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Corinthian
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terrulian
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May 3, 2011, 2:52 PM

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I'm researching the origin of the word "Corinthian" as it applies to sailing. I've done all the Internet searches I can think of, done the OED, the library at the San Francisco Maritime Historical Park, and consulted the many reference books I own. I've contacted the Seawanhaka Corinthian Yacht Club, where the concept got its start according to their website, and the Corinthian Yacht Club in Tiburon, CA. Nothing has been of much help. The problem is as follows: In the nineteenth century when it was first adopted by Seawanhaka Club, the term already meant "amateur." But how it came to mean this in a flattering way is a puzzle. I can find no evidence that the ancient Corinthian games (called the Isthmian games) were any less professional than other similar games such as those in Olympia, where cash prizes were awarded in addition to wreaths. In ancient times, the Corinthians were known as licentious idlers. The best story I've heard, although I cannot confirm it, is that in the 1800s the working class guys, who sailed the boats professionally for non-sailing owners, called the wealthy clubhouse folks "Corinthians" as a term of derision. They were rich people drinking gin and tonics while the grunts did the hard work of sailing. Then, some rich folks decided they'd sail their own boats, and ironically adopted the "Corinthian" title. It's possible, but, as I say, unconfirmed. I wonder if anyone out there has a line on this. Otherwise, I am about to adopt Captain Ron's wise saying, "Nobody knows."
Tony Johnson


JRousmaniere
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May 5, 2011, 3:44 AM

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FROM JOHN ROUSMANIERE

The word “Corinthian” seems vague and harmless today, but it’s been controversial for 2,000 years. The first Corinthians were residents of the ancient Greek seaport of Corinth. A typical port town, Corinth was described by A. N. Wilson in his biography of St. Paul as “a place of proverbial wickedness, energy, riches, noise.” Paul’s chiding first letter to the Christian Corinthians in the New Testament portrays them as a little unruly but fully capable of improvement. Paul was not one to waste golden words like “If I speak in the tongues of men and of angels, but have not love” on hopeless reprobates.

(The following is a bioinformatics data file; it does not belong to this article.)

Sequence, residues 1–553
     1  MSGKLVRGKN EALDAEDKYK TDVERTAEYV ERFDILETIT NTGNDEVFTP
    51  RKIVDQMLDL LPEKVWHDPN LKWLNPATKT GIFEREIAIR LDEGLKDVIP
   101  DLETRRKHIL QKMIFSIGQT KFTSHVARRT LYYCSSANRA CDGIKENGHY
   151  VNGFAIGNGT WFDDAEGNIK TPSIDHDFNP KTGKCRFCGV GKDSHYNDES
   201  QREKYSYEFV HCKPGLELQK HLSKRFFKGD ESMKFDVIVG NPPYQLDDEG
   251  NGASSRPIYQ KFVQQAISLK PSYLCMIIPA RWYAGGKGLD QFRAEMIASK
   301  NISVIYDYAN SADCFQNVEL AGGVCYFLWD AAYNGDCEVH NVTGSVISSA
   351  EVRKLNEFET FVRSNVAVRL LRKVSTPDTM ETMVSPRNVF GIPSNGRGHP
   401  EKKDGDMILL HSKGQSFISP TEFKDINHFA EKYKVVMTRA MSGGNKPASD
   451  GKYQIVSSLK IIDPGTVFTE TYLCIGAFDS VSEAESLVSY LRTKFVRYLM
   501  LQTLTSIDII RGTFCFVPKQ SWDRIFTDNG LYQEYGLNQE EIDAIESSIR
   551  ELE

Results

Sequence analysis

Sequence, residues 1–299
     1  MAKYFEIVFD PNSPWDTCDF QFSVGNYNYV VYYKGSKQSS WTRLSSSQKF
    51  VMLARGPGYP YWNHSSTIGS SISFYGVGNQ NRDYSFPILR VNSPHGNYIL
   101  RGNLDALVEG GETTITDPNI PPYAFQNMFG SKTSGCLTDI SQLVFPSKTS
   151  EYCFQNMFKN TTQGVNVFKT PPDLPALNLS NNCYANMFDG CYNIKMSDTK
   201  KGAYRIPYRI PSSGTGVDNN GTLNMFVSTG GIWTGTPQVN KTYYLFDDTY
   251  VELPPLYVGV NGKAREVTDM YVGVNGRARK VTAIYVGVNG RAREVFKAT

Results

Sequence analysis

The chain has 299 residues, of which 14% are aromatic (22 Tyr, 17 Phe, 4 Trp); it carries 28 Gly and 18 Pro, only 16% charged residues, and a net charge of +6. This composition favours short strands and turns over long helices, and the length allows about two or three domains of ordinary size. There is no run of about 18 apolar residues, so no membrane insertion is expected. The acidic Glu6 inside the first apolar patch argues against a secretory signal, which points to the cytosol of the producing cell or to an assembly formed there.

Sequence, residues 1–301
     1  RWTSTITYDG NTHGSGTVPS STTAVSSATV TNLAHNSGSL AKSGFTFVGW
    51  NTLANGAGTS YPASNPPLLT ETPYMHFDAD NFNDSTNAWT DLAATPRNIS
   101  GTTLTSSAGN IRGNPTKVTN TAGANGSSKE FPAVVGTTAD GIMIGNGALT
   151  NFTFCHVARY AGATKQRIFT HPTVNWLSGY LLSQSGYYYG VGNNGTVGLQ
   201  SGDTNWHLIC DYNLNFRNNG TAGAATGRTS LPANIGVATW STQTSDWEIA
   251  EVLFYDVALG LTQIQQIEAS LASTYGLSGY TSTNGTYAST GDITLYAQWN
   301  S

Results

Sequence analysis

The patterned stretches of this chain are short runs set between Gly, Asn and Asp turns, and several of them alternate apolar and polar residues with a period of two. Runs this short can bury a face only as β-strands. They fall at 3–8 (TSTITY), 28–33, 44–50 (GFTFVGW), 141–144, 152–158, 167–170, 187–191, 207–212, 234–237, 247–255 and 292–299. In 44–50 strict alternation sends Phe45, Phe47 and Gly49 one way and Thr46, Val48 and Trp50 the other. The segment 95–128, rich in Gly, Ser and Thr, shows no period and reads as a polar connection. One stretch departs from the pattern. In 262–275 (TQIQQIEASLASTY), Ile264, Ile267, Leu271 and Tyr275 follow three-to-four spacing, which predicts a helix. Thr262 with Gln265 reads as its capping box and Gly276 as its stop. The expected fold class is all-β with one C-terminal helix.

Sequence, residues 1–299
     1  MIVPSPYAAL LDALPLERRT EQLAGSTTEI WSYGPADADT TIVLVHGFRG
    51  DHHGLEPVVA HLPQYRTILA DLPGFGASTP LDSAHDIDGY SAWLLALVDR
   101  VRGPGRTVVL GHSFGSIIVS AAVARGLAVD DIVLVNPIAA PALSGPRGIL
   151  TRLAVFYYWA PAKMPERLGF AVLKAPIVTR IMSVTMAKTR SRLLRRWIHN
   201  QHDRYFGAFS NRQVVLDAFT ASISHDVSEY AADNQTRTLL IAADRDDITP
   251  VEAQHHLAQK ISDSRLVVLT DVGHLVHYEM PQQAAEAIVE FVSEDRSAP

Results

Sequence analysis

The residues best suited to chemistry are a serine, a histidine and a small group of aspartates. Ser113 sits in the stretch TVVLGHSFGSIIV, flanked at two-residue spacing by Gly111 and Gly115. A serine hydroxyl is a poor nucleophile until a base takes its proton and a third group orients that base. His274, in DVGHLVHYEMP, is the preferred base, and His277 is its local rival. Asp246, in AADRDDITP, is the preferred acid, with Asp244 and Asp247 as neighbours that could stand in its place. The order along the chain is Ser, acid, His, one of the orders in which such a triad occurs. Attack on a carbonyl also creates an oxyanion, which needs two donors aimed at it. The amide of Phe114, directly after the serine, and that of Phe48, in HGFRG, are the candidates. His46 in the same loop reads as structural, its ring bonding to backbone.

The notion of the Corinthians as hearty fellows with hearts of gold carried on for centuries. In Henry IV Part 1, Shakespeare has young Prince Hal (then a rowdy but a future great king) describe himself as “a Corinthian, a lad of mettle, a good boy.”

A Corinthian, then, was a spunky, robust guy or gal. This nickname would have appealed to the young American sailors of the 1870s who were challenging the yachting establishment by sailing their own boats. Until then most yachtsmen had just one well-proven ability, which was to write big checks. When three 105-foot schooners crossed the New York Yacht Club’s starting line in the first-ever transatlantic race in 1866, two of the owners watched from spectator boats and the third, James Gordon Bennett Jr., sailed as a passenger, deferring to his professional skipper, the aptly named Samuel “Bully” Samuels. Among the nicknames for traditional yachtsmen was “the splurgers.”

The new alternate definition of “yachtsman” as an amateur (“Corinthian”) developed in Britain in the mid-nineteenth century and caught on in America. New Corinthian yacht clubs had fleets of small boats, and the rules required that they be raced only by Corinthian sailors who did all the work, had all the fun, and were paid not a nickel. The old establishment initially responded by slinging mud, and when the Seawanhaka Corinthian Yacht Club was ridiculed for “aping English ideas,” the envy is as thick as the mud itself. By the 1920s, the average American yachtsman was a Corinthian “lad of mettle.” Good on them.





terrulian
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May 5, 2011, 2:52 PM

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The Internet is quite an amazing place. A seemingly innocent question brings forth an answer from one of my idols. I never fail to recommend The Annapolis Book of Seamanship to my students. I'm very humbled to have you on board, and grateful for your kind response. Great stuff.
The Shakespeare quote from about 1598 is the earliest one that I have been able to locate that implies anything like the contemporary meaning. Yet the transition from there to the contemporary use was anything but linear. From the OED:

1699 B. E. New Dict. Canting Crew, Corinthian, a very impudent,
harden'd, brazen-fac'd Fellow.
1706 J. Potter Archæologia Græca (ed. 2) II. iv. xii. 309 To act the
Corinthian, is...to commit fornication, according to Hesychius.
1785 F. Grose Classical Dict. Vulgar Tongue, Corinthians, frequenters
of brothels; also an impudent brazen faced fellow.
1819 T. Moore Tom Crib's Mem. 9 (Farmer) 'Twas diverting to see, as
one ogled around, How Corinthians and Commoners mixed on the ground.
1821 New Monthly Mag. 2 242 This more elegant appellation [Corinthian]
has superseded its predecessor Dandy, once so popular in every rank.
1825 M. M. Sherwood Lady of Manor (ed. 2) II. ix. 82 The brothers were
what, in modern times, we should call Dandies, or Corinthians.
1854 Thackeray J. Leech's Pictures in Q. Rev. Dec. (Farmer),
Corinthian, it appears, was the phrase applied to men of fashion and ton...they were the brilliant predecessors of the ‘swell’ of the present period.


The most common meaning seems to be that of a dandy or swell, a man of leisure. That's why I'm fond of the completely speculative story that has the title being ironically adopted by men who were in fact men of leisure and called Corinthians, but wished to get their hands dirty and learn the hard arts of the sailor.